December 16, 2022
China’s Economy at a Glance – December 2022
Latest COVID-19 wave impacting activity in Q4; COVID policy pivot could provide boost in 2023 (after transition period).
- Reflecting the impact of the latest COVID-19 wave on activity across October and November, we have lowered our full year forecast for China’s economic growth to 3.1% (from 3.4% previously). Stronger base effects lead to a small upgrade to 2023 – to 5.2% (from 5.0% previously). The easing of public health policies (see page 3) could provide a boost (once China is through a volatile transition period) however the downturn in the property sector continues to present downside risk.
- Growth in China’s industrial production slowed significantly in November, as various major industrial centres were impacted by the latest major COVID-19 wave. Industrial production increased by 2.2% yoy (compared with 5.0% yoy in October).
- China’s fixed asset investment slowed substantially in November – we estimate that real investment rose by 0.4% yoy in November (down from 4.6% yoy previously). There remains a significant difference between investment by private sector firms and State-owned enterprises (SOEs), with the latter the key driver of growth. That said, growth in investment by SOEs slowed in November – down to 4.7% yoy (from 12.3% yoy previously).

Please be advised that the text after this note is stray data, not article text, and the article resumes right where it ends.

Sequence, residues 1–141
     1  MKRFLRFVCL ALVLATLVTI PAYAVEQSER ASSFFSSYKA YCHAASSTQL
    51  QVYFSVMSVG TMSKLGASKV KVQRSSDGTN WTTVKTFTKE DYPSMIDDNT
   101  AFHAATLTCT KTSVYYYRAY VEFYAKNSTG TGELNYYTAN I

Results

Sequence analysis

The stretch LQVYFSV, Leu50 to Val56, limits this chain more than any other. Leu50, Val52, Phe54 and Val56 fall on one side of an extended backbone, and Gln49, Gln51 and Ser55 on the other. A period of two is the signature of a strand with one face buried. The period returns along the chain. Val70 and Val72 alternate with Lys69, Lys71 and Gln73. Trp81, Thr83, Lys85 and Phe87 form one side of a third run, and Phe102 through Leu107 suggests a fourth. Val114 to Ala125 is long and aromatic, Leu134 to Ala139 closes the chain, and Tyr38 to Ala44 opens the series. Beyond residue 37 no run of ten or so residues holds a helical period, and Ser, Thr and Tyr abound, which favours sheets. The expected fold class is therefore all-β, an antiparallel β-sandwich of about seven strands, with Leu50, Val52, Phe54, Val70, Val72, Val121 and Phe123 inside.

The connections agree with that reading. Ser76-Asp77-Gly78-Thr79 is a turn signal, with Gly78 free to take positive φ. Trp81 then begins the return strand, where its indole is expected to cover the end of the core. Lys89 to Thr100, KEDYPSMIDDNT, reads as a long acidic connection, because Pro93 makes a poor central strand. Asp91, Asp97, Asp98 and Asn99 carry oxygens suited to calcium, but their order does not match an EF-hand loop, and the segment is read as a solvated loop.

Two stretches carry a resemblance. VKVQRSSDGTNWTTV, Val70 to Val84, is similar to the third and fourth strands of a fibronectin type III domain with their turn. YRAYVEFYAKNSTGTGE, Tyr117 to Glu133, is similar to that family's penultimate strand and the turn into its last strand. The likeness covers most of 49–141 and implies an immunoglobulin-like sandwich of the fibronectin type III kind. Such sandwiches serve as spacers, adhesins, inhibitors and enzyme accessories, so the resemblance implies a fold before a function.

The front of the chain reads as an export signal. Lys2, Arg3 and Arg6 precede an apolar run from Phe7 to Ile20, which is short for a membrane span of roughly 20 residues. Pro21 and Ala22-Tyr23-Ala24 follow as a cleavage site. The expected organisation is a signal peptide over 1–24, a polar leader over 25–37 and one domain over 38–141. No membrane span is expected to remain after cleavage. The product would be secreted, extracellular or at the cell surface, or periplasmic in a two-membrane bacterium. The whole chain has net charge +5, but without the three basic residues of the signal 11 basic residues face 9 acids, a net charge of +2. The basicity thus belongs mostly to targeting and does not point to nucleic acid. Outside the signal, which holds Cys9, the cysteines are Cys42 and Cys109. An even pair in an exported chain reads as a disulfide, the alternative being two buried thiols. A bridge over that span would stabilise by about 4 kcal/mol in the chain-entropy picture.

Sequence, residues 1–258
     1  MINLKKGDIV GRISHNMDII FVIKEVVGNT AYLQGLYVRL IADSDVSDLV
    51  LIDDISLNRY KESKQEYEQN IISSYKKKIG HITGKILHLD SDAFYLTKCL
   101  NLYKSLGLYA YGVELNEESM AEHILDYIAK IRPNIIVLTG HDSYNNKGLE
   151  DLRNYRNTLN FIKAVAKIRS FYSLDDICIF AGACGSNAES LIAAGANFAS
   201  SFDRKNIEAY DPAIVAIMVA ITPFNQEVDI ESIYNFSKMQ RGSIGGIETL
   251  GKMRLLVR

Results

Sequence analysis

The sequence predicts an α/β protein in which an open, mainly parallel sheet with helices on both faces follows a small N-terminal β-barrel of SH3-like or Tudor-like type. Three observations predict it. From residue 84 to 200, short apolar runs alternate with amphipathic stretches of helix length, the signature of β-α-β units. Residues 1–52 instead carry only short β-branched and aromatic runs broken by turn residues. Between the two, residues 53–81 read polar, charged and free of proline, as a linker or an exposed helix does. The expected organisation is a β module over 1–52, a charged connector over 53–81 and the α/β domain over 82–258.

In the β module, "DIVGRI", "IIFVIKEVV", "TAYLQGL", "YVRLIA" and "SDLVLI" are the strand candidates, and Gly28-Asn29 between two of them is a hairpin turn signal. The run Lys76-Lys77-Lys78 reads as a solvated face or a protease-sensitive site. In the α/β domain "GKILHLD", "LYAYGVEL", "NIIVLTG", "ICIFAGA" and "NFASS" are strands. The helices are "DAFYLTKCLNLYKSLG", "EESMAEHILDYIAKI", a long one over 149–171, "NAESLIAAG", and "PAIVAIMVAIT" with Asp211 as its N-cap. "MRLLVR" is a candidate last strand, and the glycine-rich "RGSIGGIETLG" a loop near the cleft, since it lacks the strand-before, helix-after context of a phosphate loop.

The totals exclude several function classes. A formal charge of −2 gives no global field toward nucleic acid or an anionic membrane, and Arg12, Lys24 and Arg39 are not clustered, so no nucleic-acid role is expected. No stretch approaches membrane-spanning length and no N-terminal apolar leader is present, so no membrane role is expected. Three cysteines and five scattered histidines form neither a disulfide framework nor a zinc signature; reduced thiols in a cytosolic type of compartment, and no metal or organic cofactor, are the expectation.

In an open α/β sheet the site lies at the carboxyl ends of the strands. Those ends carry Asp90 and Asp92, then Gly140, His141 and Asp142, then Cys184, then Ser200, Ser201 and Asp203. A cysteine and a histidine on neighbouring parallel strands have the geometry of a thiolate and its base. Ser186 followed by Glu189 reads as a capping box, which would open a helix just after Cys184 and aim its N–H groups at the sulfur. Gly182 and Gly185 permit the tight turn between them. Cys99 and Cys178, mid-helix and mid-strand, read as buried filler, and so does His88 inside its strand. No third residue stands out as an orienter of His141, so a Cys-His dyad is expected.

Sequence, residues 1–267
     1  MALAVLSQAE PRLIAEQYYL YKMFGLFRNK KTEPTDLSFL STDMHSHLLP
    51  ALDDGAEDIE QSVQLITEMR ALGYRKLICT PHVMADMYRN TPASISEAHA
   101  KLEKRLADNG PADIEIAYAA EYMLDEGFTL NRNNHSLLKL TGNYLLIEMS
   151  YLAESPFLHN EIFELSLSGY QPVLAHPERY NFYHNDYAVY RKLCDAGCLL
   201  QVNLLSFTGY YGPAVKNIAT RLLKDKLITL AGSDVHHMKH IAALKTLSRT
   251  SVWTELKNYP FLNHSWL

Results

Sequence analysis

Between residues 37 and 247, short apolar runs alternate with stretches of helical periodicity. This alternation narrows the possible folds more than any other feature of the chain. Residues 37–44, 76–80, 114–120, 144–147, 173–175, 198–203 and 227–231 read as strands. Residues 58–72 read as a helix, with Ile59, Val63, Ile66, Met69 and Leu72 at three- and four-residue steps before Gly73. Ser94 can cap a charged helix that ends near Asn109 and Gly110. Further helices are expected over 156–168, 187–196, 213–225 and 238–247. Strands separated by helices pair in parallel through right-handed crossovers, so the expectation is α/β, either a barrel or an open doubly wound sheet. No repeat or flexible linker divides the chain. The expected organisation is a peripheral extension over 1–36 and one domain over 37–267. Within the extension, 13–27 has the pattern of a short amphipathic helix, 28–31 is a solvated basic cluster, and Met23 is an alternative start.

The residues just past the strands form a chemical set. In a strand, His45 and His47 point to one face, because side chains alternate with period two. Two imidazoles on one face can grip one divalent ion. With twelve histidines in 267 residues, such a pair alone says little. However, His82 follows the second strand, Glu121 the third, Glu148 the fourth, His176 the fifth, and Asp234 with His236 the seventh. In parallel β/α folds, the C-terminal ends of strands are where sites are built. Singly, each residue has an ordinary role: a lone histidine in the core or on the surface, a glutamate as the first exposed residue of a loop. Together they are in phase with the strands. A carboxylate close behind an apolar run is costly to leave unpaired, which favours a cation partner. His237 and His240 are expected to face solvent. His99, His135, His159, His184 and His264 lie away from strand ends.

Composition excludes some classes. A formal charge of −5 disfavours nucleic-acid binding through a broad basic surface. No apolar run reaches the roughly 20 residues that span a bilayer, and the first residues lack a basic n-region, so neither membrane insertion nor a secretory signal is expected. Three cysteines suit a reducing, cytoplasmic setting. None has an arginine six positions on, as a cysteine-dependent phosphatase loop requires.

- China’s trade surplus narrowed in November – reflecting a month-on-month fall in the value of exports, while imports trended modestly higher. The trade surplus totalled US$69.8 billion (compared with US$85.2 billion previously).
- The impact of the latest COVID-19 wave was clearly evident in retail sales data – with real sales falling by 7.6% yoy in November (compared with a 2.7% yoy decline in October). That said, this downturn was less significant than those associated either of the previous two large waves.
- In the first eleven months of 2022, new credit issuance increased by 5.9% yoy to RMB 30.7 trillion – with the rate of growth slowing since June. Overall, bank loans accounted for the largest share of new credit, however new bank loans contracted over this period – down by 0.2% yoy. In contrast, non-bank lending increased by 17.6% yoy over the first eleven months of the year, with government bonds issuance the key driver.
- Monetary policy effectiveness has been limited in recent times, with comparatively strong increases in liquidity (as measured by growth in M2 money supply) and slower growth in lending. This suggests weak demand for credit (particularly from the household sector), and it remains to be seen whether easing of COVID-19 public health policies will support a rebound, particularly given the weakness in the property sector.
For further details, please see China’s economy at a glance (December 2022)